Essay on Conflict Between Appearance and Reality

Analyse the conflict between appearances and reality in Blow-Up!

Michelangelo Antonioni’s Blow Up deals with the issue of identity in postmodern society. We follow Thomas, a photographer around London in the 1960s, and we see the film through Thomas’s perspective. Appearance and reality may begin to conflict when the viewer suspects that Thomas’s motive is to apply meaning to his life and identity. Exploring the complex nature of this film’s reality requires examining the significance of images, their context to reality, and the value and meanings prescribed to them. With reference to reality within Blow Up, Antonioni states“Reality has a quality of freedom about it that is hard to explain. This film, perhaps, is like Zen; the moment you explain it, you betray it. I mean, a film you can explain in words, isn’t a real film.” (Antonioni, 1996. 149)The conflict between appearance and reality can be explored by examining Thomas’s relationship with his photographs. Thomas treats his images with a great level of care and respect, quite contrastingly to his attitude towards the models on his photo-shoots. We may note here that Thomas is empowered by his images, as when a woman confronts him, seeking to buy some photographs from him. By viewing Thomas’s relationship with his images in this way, we note that he is roused from his dull existence by them. The theme of escapism can be applied to Thomas’s motivation, as he seems to behave erratically to avoid the monotony of everyday life. Nezar AlSayyad contributes an idea about the significance of the lens, by stating “the lens is thus depicted as a tool for both pleasure and security.” (AlSayyad, 2007, 149)Bearing these ideas in mind, Thomas uses images as a means to alter his reality.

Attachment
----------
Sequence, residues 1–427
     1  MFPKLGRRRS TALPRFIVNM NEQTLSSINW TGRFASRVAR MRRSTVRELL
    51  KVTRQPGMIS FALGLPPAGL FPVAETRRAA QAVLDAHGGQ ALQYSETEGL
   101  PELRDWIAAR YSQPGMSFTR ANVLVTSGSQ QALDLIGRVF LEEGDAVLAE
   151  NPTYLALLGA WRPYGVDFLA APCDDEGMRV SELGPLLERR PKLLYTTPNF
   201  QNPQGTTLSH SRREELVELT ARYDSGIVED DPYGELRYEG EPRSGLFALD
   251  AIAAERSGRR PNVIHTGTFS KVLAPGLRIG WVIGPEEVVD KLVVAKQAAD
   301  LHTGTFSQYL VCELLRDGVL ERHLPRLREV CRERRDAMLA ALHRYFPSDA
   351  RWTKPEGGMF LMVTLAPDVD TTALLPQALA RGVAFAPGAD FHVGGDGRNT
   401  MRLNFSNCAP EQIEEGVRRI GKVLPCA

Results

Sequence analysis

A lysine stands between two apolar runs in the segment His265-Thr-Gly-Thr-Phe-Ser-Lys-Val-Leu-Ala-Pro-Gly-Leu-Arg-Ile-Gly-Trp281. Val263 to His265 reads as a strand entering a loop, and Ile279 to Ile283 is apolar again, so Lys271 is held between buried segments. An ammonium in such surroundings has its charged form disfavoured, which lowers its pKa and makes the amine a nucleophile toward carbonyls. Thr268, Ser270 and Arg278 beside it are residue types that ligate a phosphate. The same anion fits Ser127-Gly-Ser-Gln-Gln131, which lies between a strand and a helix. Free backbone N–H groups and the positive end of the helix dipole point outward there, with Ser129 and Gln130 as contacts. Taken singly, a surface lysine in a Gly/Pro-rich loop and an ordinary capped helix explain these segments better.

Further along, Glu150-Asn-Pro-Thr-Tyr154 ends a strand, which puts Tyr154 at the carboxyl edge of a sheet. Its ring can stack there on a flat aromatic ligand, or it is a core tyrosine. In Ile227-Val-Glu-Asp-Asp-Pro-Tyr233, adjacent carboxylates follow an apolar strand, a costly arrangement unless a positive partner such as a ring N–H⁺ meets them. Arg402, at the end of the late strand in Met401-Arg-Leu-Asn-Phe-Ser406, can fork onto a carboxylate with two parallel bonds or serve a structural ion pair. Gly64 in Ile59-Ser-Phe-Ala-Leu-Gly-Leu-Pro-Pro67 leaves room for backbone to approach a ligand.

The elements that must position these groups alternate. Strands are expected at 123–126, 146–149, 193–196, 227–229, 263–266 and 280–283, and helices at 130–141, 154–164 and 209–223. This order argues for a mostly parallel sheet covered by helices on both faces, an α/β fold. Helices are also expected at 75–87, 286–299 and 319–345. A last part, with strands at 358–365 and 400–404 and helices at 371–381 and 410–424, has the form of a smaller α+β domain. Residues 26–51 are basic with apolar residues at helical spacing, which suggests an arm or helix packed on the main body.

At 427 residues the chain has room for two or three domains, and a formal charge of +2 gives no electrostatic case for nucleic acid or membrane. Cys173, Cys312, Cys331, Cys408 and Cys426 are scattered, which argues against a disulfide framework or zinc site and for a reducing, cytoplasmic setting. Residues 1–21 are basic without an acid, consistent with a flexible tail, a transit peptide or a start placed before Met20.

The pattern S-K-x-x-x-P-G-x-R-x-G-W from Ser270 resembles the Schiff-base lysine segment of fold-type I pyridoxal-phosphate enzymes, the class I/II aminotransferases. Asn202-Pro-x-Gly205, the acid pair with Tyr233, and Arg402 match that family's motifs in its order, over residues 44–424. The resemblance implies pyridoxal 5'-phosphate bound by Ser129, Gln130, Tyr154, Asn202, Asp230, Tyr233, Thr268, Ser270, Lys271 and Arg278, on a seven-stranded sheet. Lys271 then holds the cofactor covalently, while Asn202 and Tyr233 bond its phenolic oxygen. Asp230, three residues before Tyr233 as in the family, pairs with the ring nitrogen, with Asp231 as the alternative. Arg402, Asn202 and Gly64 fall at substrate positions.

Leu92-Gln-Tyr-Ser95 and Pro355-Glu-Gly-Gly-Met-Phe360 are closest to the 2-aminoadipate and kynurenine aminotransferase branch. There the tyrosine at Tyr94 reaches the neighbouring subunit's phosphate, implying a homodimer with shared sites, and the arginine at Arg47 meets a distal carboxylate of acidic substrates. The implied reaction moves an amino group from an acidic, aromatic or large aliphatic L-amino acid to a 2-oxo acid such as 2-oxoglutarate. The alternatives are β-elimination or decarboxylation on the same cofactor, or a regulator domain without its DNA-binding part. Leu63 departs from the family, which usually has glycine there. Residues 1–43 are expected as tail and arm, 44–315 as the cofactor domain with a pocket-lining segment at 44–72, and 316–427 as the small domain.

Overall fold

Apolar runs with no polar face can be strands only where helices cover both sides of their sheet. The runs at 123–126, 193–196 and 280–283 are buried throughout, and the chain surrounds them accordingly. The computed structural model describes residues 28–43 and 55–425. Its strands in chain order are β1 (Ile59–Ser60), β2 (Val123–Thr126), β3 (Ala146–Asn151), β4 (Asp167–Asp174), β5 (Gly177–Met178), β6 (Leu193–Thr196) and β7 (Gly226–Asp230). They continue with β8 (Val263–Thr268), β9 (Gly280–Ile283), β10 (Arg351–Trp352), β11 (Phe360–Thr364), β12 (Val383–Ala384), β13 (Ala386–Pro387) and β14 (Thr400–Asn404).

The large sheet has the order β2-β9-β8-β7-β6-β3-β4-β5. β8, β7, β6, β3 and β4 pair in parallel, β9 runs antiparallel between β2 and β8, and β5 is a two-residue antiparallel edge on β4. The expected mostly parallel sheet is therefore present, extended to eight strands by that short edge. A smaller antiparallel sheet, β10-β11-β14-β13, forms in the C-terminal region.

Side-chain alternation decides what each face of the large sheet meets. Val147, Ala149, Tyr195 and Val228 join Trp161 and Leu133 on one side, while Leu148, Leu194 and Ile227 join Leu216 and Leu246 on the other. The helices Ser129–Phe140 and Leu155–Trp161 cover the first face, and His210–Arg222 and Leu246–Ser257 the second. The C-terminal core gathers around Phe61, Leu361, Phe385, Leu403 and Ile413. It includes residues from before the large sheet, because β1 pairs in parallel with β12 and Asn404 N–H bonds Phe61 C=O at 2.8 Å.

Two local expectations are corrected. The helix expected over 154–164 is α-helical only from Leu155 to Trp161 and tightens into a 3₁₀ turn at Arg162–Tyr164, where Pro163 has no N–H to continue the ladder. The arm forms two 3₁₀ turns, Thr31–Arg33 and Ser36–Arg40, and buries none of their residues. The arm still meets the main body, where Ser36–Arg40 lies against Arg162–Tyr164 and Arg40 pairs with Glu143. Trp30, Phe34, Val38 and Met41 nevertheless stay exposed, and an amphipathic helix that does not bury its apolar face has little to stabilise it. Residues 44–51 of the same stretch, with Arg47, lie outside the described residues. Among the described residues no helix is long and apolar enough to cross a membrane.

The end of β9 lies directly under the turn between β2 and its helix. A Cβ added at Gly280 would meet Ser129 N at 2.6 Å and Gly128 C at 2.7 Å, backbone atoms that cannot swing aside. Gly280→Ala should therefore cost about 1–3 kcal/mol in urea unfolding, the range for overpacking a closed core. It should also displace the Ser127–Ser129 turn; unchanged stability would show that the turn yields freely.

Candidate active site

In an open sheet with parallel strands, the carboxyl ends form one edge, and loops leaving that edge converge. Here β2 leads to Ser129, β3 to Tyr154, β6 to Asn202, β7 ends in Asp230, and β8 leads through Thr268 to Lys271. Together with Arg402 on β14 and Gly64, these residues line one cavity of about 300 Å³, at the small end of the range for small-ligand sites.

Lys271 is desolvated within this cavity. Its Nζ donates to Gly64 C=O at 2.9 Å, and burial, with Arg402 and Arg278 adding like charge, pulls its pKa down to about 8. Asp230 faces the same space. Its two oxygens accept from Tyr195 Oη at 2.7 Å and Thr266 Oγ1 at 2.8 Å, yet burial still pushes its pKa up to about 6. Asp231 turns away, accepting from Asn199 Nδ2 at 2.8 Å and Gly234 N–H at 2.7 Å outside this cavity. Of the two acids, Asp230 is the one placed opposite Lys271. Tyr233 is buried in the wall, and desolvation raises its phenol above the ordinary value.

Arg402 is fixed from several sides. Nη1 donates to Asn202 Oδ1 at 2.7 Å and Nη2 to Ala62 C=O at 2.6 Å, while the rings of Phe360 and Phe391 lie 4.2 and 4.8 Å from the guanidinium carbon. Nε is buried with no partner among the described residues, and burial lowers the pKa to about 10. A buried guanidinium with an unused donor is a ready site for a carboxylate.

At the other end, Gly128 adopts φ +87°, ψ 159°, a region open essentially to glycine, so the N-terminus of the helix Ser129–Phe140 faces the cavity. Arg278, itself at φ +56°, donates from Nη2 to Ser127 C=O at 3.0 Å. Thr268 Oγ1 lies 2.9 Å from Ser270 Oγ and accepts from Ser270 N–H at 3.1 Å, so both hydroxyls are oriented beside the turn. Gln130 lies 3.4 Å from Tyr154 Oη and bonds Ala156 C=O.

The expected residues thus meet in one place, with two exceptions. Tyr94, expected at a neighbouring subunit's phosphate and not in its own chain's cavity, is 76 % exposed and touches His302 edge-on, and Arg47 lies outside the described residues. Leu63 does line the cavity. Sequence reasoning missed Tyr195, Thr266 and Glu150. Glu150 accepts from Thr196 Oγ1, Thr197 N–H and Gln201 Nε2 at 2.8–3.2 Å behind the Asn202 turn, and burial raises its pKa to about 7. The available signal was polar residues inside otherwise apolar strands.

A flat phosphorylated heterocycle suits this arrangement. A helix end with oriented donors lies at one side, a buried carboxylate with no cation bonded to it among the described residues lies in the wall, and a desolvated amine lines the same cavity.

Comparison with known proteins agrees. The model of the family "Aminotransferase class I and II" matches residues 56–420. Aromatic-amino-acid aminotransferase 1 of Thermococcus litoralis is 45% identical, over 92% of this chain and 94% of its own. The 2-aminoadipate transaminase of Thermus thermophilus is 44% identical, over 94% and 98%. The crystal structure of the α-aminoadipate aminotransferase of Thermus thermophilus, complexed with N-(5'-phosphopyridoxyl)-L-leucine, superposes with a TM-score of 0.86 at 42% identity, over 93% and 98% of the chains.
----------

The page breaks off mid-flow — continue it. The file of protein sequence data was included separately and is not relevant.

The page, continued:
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…an individual’s sense of self becomes questionable. One can interpret Thomas’s journey as one which is fuelled by his desire for a constant meaning to his existence. The film reflects how a sudden onset of inspiration allows us to escape a monotonous daily existence. It is not Thomas’s failing perception that is the antagonist within this film, but rather it is true reality. Images, the treatment of meaning in photographs, and the act of pretending are all escape mechanisms that Thomas uses to flee reality, whether he uses them consciously or unconsciously is remains unclear.


Michealangelo Antonioni (1996) The Architecture of Vision. New York: Marsilio Publishers. 91, 149Seymour Chatman, (1985) Antonioni, or the Surface of the World, Berkeley: University of California Press. 140

Nezar AlSayyad (2007) Cinematic Urbansim, Routledge: New York 148, 149


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